Many argue that expressing this uncertainty is merely intellectual honesty. However it is not insignificant that no one goes to such great lengths to append this caveat to other absurd propositions. I have never heard anyone take pains to point out that “of course we cannot be certain that suicide bombers will not be greeted by 77 virgins.” We apply this only to our own Christian god proposition. And that is because this is not a principled expression of general intellectual integrity. This is a matter of showing a particular undeserved deference to our own preferred delusion. Our exceptional application of this disclaimer gives it disproportionate weight and distinction.

This is not just an academic nitpick. Repeating the meaningless truism that we cannot know anything with certainty in the context of our belief in god is highly counterproductive. When you say it, most listeners only hear “even you atheists have doubt,” and “even Richard Dawkins acknowledges that we cannot know for sure that god does not exist,” and “even David Silverman admits that we could be right.” Christians turn this language back against us with great success. Most believers or even impressionable fence-sitters are not impressed by Richard Dawkins philosophical honesty. They’re more like Jim Carrey in Dumb and Dumber with Richard Dawkins playing the role of Mary Swanson.

chanceLloyd Christmas: What are the chances of a guy like you and a girl like me? One in a thousand?
Mary Swanson: Um, more like one in a million.
Lloyd Christmas: “So you’re telling there’s a chance then! YAAAY!!”

Mary should have simply said “no chance whatsoever – not gonna happen!” So come on atheists, stop being namby-pamby agnostics already. We can say with absolute certainty that pigs cannot fly and we can say with equal certainty that god does not exist. We can say this because there has never been any evidentiary proof of god when we should expect to see some, and there is no logical inference anyone can make based upon what we do observe to suggest he might exist in the way we might postulate a form of life on a distant planet or an evolutionary descendent in our far future.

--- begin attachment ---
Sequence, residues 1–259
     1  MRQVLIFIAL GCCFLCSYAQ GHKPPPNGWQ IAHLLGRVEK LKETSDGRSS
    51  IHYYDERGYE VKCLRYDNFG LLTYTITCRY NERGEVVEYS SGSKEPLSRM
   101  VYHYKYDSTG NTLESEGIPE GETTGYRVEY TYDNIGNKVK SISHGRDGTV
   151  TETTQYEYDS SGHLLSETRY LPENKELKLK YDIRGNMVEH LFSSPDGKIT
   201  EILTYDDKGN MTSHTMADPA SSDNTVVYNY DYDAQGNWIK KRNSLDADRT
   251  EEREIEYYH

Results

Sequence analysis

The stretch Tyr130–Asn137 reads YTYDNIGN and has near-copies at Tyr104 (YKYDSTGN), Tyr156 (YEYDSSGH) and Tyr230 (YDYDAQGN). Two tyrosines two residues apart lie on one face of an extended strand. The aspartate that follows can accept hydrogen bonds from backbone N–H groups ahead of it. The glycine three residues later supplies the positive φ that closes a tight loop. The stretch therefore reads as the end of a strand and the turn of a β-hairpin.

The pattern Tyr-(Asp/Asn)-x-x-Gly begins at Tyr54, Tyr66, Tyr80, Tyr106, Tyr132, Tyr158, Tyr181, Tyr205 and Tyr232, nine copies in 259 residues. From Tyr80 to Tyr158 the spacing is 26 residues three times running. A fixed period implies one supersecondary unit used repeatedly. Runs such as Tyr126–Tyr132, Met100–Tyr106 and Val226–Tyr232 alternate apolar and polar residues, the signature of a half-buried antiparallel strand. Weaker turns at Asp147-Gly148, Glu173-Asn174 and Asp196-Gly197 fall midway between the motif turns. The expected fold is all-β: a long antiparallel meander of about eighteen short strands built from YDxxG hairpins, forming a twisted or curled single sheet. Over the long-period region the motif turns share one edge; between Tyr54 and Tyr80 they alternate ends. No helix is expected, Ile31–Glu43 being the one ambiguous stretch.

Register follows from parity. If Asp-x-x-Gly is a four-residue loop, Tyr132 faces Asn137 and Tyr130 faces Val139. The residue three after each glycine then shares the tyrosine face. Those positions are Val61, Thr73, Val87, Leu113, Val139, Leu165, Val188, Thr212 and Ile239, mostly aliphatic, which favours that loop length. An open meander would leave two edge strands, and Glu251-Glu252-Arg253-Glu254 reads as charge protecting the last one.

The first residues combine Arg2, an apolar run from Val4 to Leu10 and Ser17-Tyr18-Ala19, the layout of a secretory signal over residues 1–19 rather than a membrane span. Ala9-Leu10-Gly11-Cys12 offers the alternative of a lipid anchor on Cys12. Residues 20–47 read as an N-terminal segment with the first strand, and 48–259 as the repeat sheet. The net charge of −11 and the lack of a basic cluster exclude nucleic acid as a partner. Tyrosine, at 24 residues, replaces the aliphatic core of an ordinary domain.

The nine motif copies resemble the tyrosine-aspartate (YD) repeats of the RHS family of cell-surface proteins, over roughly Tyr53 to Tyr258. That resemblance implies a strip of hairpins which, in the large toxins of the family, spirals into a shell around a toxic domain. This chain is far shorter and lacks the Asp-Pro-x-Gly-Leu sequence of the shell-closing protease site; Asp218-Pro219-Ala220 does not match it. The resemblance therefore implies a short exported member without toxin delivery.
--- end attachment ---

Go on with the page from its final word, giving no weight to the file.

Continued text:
I am an Absolute Atheist and proud of it. Does that make me arrogant? Well if it is arrogant to claim certainty that the Easter Bunny does not exist, call me arrogant. The day any legitimate evidence of an Easter Bunny is credibly reported, I’ll change my mind. Wait, I take that back. Even that qualification imparts way too much undeserved legitimacy to the beliefs of the Church of the Holy Easter Bunny.

The Language of Reason

reasonWe routinely use a large number of very similar words when we talk about thinking: rational, rationale, rationality, irrational, rationalize, rationalization, reason, reasonable, and even superrational. We all kinda-sorta mostly generally understand the nuanced differences between these words, but since they are so very important and so often confused, it may be helpful to put them all on the table where we can clearly compare and contrast them.

Rational describes thinking that is based upon true facts and sound logic. This is the good kind of thinking. It requires that the thinker is unbiased, fact-based, sane, logical, and as objectively correct as one can be given the best information available. Note that the threshold here is quite high. It is not enough to merely follow “my own logic” to reach a conclusion, but that one follow independently valid logic and adhere to independently validated facts. One cannot merely feel they are being rational; they must in fact be objectively, measurably, demonstrably rational. A certifiably crazy person may be absolutely convinced they are perfectly rational in concluding that aliens are beaming signals into their brain, but that does not make them so.

Rational thinking implies that one meets all these requirements in a particular line of thought. A rational thinker is one who generally employs rational thinking. Often this term implies that one consciously values rational thinking as well. Although religious thinkers insist upon being shown respect as rational thinkers, it is difficult to see how their claims in any way reach the threshold of rational thinking. They seek to dilute and diminish the term so that it applies to them.

The term rationality is generally used in the context of questioning one’s rationality. That is, when we wish to make an assessment of a person’s capacity to be rational, either generally or at a given time.